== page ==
Nothing can be more shocking than realizing that you still owe Uncle Sam some serious money, especially after paying your monthly withholding tax. So what gives?

The answer may lie in your W-4 form, in your new income tax bracket, or your child’s recent birthday. Factor in th e new changes in the tax law and those reduced tax credits can mean more income. More income translates to more taxes, and thus why you still owe the Federal government in taxes.

Less Refund is Why You Owe So Much in Taxes This Year

On average, tax refunds are down by 8.4 percent and in some cases as much as 16.7 percent for the 2018 tax season. In previous income tax years, the majority of the population have received a refund from both the Federal and their state. This year, however, it seems that many are not only not getting a refund, but they actually owe money to the government.

There are several reasons why your refund has turned into you owing Federal or state income tax.

Here are 6 Reasons Why You Still Owe.

1. Have You Updated Your W-4?

People are asking “Why Do I Owe Federal Taxes” or “Why do I Owe So Much in Taxes?”. Whether you usually get a refund or you are paying more this year is partially due to the new tax laws. The most common reason for owing more is that the new tax laws have included updating the withholding tables.

You may have noticed that your paycheck has been a little larger than it has been in previous months. Your employer is now using the update withholding tables and taking out less in federal taxes. Unfortunately this increase in your paycheck means that you may not have paid enough federal and state income taxes.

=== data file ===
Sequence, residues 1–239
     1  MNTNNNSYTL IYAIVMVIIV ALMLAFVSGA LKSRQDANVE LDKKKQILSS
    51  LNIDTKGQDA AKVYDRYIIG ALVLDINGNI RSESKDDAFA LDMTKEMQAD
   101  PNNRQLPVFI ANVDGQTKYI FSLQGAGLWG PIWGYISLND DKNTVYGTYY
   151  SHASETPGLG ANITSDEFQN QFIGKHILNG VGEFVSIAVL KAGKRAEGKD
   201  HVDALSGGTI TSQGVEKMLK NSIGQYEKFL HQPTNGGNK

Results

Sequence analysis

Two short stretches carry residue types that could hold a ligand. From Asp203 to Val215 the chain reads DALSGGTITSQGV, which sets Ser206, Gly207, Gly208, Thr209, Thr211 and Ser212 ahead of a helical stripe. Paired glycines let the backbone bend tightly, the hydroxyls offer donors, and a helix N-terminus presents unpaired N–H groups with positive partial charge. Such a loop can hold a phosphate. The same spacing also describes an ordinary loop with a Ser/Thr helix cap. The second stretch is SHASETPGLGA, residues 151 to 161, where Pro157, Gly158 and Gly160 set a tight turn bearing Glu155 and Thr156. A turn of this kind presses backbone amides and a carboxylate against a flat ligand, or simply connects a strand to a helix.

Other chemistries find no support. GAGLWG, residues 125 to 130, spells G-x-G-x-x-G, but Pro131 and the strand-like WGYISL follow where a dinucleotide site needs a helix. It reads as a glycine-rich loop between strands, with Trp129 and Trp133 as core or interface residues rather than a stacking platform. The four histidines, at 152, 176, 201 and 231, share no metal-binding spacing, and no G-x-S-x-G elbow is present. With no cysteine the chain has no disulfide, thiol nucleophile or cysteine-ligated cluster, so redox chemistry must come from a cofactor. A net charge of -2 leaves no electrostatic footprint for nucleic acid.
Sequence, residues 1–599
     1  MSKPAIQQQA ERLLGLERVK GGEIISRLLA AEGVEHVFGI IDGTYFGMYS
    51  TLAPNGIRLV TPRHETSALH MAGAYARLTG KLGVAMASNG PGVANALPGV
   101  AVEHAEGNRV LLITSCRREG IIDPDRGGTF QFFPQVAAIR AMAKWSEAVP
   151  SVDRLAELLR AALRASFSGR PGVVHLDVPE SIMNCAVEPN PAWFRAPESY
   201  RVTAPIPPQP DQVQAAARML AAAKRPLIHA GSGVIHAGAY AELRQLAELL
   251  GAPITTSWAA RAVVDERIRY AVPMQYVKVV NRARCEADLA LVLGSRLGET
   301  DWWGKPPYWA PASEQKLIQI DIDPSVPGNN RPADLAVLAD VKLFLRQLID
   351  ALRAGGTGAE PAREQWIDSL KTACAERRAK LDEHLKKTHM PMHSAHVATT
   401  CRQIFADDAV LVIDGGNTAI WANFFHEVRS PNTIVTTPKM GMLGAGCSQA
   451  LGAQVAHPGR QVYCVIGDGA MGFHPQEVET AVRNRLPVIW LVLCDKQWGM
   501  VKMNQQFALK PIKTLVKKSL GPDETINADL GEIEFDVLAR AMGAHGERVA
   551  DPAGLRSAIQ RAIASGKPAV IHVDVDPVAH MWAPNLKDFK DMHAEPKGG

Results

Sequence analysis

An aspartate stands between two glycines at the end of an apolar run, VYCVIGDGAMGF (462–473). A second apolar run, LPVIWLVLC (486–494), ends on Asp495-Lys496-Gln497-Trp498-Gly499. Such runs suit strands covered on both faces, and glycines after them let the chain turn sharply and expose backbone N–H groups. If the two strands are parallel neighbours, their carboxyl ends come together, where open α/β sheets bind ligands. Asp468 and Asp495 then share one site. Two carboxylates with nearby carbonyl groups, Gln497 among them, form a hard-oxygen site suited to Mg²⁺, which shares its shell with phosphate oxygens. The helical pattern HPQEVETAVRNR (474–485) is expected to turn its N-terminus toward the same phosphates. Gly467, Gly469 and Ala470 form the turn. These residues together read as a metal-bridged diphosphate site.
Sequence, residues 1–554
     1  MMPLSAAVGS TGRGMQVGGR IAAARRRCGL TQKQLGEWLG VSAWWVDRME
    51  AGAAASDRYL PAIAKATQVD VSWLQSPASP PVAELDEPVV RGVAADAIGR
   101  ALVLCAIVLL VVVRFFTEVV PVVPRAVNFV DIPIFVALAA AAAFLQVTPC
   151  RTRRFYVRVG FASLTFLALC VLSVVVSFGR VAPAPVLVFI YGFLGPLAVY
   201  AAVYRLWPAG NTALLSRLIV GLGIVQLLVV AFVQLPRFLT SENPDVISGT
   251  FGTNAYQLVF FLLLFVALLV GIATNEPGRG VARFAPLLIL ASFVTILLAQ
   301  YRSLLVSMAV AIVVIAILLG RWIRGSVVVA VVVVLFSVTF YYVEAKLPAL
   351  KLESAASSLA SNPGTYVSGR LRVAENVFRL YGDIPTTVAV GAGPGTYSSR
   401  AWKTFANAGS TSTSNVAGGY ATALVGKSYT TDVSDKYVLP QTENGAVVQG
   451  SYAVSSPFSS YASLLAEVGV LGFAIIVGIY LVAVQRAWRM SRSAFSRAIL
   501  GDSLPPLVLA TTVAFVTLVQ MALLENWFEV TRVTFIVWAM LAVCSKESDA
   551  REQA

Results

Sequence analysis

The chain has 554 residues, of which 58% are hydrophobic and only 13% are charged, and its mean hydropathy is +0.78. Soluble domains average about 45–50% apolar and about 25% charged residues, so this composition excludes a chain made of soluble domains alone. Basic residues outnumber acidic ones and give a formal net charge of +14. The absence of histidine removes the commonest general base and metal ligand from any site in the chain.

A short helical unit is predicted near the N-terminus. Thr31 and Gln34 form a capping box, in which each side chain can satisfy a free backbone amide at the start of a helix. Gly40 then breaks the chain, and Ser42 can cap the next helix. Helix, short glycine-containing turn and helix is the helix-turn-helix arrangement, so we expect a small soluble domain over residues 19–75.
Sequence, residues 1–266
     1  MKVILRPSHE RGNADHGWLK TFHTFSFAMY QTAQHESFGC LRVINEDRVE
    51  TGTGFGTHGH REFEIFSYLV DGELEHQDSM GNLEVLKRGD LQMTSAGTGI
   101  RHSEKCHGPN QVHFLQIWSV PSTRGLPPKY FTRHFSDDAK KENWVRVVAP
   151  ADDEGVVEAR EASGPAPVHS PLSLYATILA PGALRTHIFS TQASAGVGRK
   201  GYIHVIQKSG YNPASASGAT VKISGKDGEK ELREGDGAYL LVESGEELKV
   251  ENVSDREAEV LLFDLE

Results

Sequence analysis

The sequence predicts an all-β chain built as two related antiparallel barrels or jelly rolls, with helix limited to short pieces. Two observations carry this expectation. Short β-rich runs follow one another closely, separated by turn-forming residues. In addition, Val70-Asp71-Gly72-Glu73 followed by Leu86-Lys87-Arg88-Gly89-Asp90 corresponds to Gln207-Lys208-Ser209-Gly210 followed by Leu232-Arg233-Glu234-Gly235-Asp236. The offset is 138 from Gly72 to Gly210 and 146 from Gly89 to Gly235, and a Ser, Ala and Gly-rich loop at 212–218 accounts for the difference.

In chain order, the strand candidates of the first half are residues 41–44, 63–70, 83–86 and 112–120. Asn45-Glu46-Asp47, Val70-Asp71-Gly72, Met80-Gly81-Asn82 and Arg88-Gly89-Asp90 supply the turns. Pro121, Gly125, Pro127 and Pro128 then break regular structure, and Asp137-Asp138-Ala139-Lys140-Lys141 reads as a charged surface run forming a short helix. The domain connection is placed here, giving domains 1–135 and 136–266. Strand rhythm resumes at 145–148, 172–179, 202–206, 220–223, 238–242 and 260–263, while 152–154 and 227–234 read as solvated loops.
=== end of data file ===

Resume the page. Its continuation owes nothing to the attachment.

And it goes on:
There is no anticipated change in the tax rules for 2019, so now is a good time to takes steps to avoid owing taxes next year.

Talk to Your HR on How to Adjust Your W-4

Talk to your human resources representative about changing your W-4 and adjust your withholding so you will not owe money next year. If you are not sure about how much to have taken out of your paycheck, use the IRS withholding tax calculator to help you adjust your information.

In order to use the calculator, you will need recent pay stubs and current income tax return. A copy of the 2018 1040 will help you estimate your 2019 income. Once you have completed the calculator you will be able to update your W-4 and Employee’s Withholding Allowance Certificate.

2. Unreimbursed Employee Expenses Have Been Eliminated

The Tax Cuts and Job Act no longer allows a deduction for unreimbursed employee expenses for most employees.

Thus, for 2018 you could no longer take a deduction for job-related unreimbursed expenses such as; uniforms, tools, safety equipment, etc. The same is true if you had taken deductions in the past for job-related travel expenses that were not reimbursed by your employer. Also, transportation between business destinations, food, and hotel rooms while on a business trip or dry cleaning or laundry expenses can no longer be used as a deduction.

3. Are You a Working Couple?

Working couples fall into the same situation as noted above. However, now there are two wage earners who have had insufficient amounts withheld from their paychecks. Additionally, many married couples have used the itemized deductions option in the past.

This year they were affected by the $10,000 cap on itemized deductions. So if they have $27,000 in itemized deductions, this year they could only use $10,000 of those deductions.